19. 19. 4 Creating the Discipline of Knowledge Management Figure 1-2 List of knowledge management study impact areas. Systems Theory Communications Theory Risk Management Assessment Organizational Psychology Intelligent Agents Visualization Management of R&D Groupware Decision Support Systems Virtual Networks Modeling and Simulation Strategic Planning Data Mining / Data Warehousing Management-by-Objectives Enterprise Resource Planning Total Quality Management Business Process Engineering Management Theory Systems Analysis Management of Information Systems Systems Engineering Database Design / Database Leadership Management Systems Ethics Data Communications and Networks an initial collection of the “KM apples” in existence—over 40 at that time, as shown in Figure 1-2. We also examined some of the barriers to KM success (Figure 1-3), and focused in on the research done by KPMG, which seemed to capture and summarize all the other efforts at examining this aspect. Our goals were to identify the key apples or ingredients necessary for a KM system and to ensure we designed into the equation the prescription to overcome the barriers to KM success. The Four Pillars: The DNA of Knowledge Management There were many statements gleamed from the KM works and writings, including a proliferation of definitions that sometimes disagreed with each other. Many attempts dealt with the definition of knowledge itself, a kind of epistemologic approach. These latter attempts never addressed the issue of managing these knowledge assets; they merely discussed the question of the definition. Other works dealt with learning and all its facets. Although I had some interest in these aspects, my main issue was to deter- mine the critical elements, a DNA if you will, of KM. To me, the operative work in KM was the management of these assets. The company already had these assets; it just did not know how to articulate them and, consequently, had little to no guidance on how to manage them. There were many formulations also, such as KM is all about people, and not tech- nology. Communities of Practice were the main application for this group. For others, it was all about technology, such as a “portals and yellow pages” of knowledge work- ers. Some said it was about people, technology, and process. Everyone had his or her favorite silver bullet or saying/taxonomy. TEAM LinG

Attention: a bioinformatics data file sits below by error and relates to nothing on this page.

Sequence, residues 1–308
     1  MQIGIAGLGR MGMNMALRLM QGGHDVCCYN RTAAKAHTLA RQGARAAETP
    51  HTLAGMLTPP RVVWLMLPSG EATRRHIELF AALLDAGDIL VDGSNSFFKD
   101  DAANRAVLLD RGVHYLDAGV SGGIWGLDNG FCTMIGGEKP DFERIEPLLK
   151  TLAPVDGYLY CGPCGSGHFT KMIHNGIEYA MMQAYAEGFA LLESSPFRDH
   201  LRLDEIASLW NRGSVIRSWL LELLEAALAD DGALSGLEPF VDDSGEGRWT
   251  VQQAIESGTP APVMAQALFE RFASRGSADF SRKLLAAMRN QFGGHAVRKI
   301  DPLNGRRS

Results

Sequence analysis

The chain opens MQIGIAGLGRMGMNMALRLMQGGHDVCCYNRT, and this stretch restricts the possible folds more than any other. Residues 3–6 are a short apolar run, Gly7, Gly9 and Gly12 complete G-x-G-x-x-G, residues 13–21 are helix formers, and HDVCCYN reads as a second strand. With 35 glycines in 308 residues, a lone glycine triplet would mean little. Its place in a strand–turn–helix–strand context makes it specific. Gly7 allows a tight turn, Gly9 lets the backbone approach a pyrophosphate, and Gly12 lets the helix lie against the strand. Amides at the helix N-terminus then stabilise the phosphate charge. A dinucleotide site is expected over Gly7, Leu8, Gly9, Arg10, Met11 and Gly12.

20. 20. University Research Toward an Academic Discipline 5Figure 1-3 Knowledge management barriers to success. Results From International Survey: Organizational Culture 80% Lack of Ownership 64% Info/Comms Technology 55% Non-Standardized Processes 53% Organizational Structure 54% Top Management Commitment 46% Rewards / Recognition 46% Individual vice Team Emphasis 45% Staff Turnover 30% Earnst & Young KM International Survey, 1996 (431 senior executive responses) In laying out all the so-called models, elements, definitions, pronouncements, cau-tions, and approaches, it became apparent that there were four principle areas orgroupings, each containing many elements. The challenge was to find names for thesefour groupings and to validate them through some scientific approach. The clock wasalso ticking on my going before the faulty to introduce the proposal for KM as its ownconcentration in our master’s and doctoral programs. I decided to take a stab at it, andthe four pillars were born: All the KM elements were grouped under the following:Leadership/Management, Organization, Technology, and Learning (Figure 1-4).Names and groupings could change later on, on the basis of further research. The chal-lenge now was to make deadlines to get a KM program in the academic calendar, ifeven that was possible given the necessary layers of approval and the many peopleinvolved (department, school, and university) to implement a graduate-level course ofstudies.The Four Pillars • Leadership/management: Deals with the environmental, strategic, and enter- prise-level decision-making processes involving the values, objectives, knowl- edge requirements, knowledge sources, prioritization, and resource allocation of the organization’s knowledge assets. It stresses the need for integrative manage- ment principles and techniques, primarily based on systems thinking and approaches. • Organization: Deals with the operational aspects of knowledge assets, including functions, processes, formal and informal organizational structures, control TEAM LinG